Now, I don’t want to be too critical of my high school English teachers, nor of teachers in general – teachers are vitally important and should be better paid and schools should be better funded (fund schools before armies and you will rarely need an army). Unfortunately, teachers are overwhelmed by crowded classes, by students with erratic skill levels and a distinct lack of focus. Because of that, in my English classes, our rare discussions of the stories we read out of our Prentice Hall anthologieswe were corralled toward one single right answer regarding “theme” or “meaning.” There were a number of times in class where I didn’t agree with the conclusion the class was being driven toward and my divergences were neither allowed to be discussed, nor encouraged when I chose to write about them. I was simply “wrong,” or at least counter-encouraged to conform my thinking to the teacher’s goal, which was derived from the “answers” in her teacher’s edition. For a lot of teachers, even the good ones, what goes on in a classroom is about reaching a kind of consensus of understanding so that the class can be moved along to the next spot in the lesson plan. Some students, I think, absorb the perception that they are “wrong” about a story and begin to believe they’re stupid. Some embrace a kind of ant-intellectual zeal. And still others disengage, harboring some secret suspicion that their thoughts and feelings about a story are just as valid as those opinions written in red ink in the teacher’s manual – but, of course, unless they end up majoring in English, never have that assumption of their failure challenged. They toddle off into the world with a kind of intellectual learned helplessness, and either never read literary fiction on their own again, or opt for easy to grasp genre fiction.
I disengaged. My thinking was that if the so-called “important” works of literature only had one interpretation, only one lesson to be taught, and those interpretations and lessons were already figured out for us, then there was no point in reading them for myself – I simply had to take other people’s word for it; furthermore, since I didn’t think or feel the designated interpretation or lesson that I was told was there, then it had to mean I either wasn’t smart enough to get it, or the lesson wasn’t that important or as meaningful as the “lit professors” wanted us to believe. Those lit professors were, after all, just trying to justify their existence – right?
That fall-back on rote, the pressure teachers and school boards are under to show “progress,” is, in my opinion, the problem with school: in an effort to make functional workers and citizens out of our children, to meet ridiculous test scores to get funding, what goes on in schools (both private and public) often wipes out people’s trust in their native intelligence. Not everyone is a Picasso, an Einstein, or a Shakespeare, but unless someone has a true mental or cognitive disability, they can read and engage with any kind of literature – as long as they trust and believe in their own ability learn and comprehend. Sometimes, school shames that ability out of people.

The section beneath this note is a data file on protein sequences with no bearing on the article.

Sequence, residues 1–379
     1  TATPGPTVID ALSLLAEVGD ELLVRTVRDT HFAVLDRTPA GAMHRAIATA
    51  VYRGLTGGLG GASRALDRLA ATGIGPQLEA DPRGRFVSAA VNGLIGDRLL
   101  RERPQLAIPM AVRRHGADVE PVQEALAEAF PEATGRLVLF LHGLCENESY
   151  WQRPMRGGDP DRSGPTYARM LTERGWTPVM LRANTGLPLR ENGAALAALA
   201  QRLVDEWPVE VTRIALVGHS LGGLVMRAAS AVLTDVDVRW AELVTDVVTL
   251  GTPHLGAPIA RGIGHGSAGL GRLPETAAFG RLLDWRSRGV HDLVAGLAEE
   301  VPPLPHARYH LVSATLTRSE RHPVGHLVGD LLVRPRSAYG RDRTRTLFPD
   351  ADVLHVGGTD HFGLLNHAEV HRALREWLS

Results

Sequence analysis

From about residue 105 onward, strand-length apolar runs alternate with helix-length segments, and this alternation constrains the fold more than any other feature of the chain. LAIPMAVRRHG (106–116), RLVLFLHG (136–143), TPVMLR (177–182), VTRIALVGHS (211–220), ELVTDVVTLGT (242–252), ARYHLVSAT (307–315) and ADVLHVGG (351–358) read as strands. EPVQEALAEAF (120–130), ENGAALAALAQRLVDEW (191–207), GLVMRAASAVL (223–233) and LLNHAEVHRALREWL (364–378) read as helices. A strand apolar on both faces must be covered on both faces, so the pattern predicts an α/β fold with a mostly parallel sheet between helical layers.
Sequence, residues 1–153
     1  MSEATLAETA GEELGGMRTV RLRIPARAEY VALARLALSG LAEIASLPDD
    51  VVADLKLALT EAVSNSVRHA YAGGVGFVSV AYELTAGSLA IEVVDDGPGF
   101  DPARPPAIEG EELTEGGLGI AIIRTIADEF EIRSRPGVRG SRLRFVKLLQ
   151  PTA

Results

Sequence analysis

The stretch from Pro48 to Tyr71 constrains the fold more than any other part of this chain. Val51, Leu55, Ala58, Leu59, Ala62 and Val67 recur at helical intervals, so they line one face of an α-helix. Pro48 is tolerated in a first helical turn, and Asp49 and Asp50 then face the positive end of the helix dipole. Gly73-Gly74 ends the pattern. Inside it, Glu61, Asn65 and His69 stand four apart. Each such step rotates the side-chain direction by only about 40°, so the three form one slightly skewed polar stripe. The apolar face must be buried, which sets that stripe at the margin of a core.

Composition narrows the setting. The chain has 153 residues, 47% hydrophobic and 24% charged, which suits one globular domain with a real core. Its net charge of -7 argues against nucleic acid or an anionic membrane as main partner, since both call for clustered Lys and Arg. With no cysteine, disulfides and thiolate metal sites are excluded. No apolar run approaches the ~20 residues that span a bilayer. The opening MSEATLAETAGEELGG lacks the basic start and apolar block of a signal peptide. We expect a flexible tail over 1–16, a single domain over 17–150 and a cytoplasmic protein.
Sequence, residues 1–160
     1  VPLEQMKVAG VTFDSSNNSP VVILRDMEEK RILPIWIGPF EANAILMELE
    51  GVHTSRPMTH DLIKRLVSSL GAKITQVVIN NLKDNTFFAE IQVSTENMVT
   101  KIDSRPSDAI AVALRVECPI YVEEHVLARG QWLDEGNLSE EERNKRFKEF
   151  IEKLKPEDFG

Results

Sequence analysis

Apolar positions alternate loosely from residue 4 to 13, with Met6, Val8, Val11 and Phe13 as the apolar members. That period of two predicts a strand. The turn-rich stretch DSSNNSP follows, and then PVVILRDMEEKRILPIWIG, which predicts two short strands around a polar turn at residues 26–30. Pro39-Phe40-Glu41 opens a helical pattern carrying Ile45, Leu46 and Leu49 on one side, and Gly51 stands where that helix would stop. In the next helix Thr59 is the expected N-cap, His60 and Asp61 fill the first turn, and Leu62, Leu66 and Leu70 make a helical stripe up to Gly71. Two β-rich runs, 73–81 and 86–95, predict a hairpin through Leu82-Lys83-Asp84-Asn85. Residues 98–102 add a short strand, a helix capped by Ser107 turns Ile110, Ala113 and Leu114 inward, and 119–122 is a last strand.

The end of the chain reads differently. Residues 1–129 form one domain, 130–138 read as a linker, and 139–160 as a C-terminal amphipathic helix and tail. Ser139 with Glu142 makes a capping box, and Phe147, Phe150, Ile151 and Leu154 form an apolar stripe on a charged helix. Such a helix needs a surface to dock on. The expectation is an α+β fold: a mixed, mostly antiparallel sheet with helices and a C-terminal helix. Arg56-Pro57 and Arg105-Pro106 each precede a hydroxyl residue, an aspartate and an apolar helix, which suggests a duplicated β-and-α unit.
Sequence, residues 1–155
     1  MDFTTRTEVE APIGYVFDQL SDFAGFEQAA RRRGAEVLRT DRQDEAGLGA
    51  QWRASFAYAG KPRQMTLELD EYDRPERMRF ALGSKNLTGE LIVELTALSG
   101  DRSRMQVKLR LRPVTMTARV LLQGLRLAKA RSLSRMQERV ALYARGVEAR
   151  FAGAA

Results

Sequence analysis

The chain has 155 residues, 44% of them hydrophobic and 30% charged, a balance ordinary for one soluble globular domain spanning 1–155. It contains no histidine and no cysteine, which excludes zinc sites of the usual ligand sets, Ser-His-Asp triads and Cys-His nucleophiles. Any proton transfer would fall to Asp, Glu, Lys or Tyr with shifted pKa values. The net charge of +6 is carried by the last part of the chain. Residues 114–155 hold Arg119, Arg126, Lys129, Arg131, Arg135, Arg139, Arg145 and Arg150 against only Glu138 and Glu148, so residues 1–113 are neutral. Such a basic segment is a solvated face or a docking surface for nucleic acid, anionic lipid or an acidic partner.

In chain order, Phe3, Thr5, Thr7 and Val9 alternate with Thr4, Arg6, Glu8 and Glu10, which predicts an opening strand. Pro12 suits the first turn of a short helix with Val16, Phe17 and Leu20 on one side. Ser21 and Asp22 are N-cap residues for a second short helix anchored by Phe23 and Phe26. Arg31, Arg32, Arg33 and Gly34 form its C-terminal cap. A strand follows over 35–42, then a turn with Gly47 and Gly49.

Any decent and honest writer will admit that once a story has been finished and passed on to be read by someone else, that story and its “meaning” are no longer under the writer’s control. The act of reading is, itself, a form of authorship. The reader brings all their knowledge and experience in the world to the story they are reading and, in the act of traversing the text, they assign their own meaning to the story – and sometimes, that same reader can read the story at different stages in his life and come away with an entirely different meaning than the one they teased out the first time. Or, to spin it another way, no two people read exactly the same story, and a single person never reads exactly the same story twice.
The knowledge that I was the author of my own reading experience was kept from me in high school. Literature was presented to me as a monolithic mass, as rigid and impenetrable to me as math, and which had a key to its comprehension that I didn’t have and couldn’t acquire. There were right and wrong answers and those answers simply didn’t fit with what happened in my head when I read those stories. And so, when I picked up books to read, I picked up books that weren’t presented as “important” and that didn’t have a phallanx of supporting documents behind them telling me what that story “meant.” I went for science fiction, horror, adventure, humor. I went for writers and books that I believed I was capable of understanding, rather than picking book I wanted to understand. I chose books where I knew no one would tell me that what I thought about a story was “wrong” or “off the mark,” or “a distraction.” Of course, I also read books simply for shock value (The Satanic Verses by Salman Rushdie turned some heads when I started carrying it around in high school – never mind it took me two tries before it finally clicked and made sense – but that, too, is an important thing to note).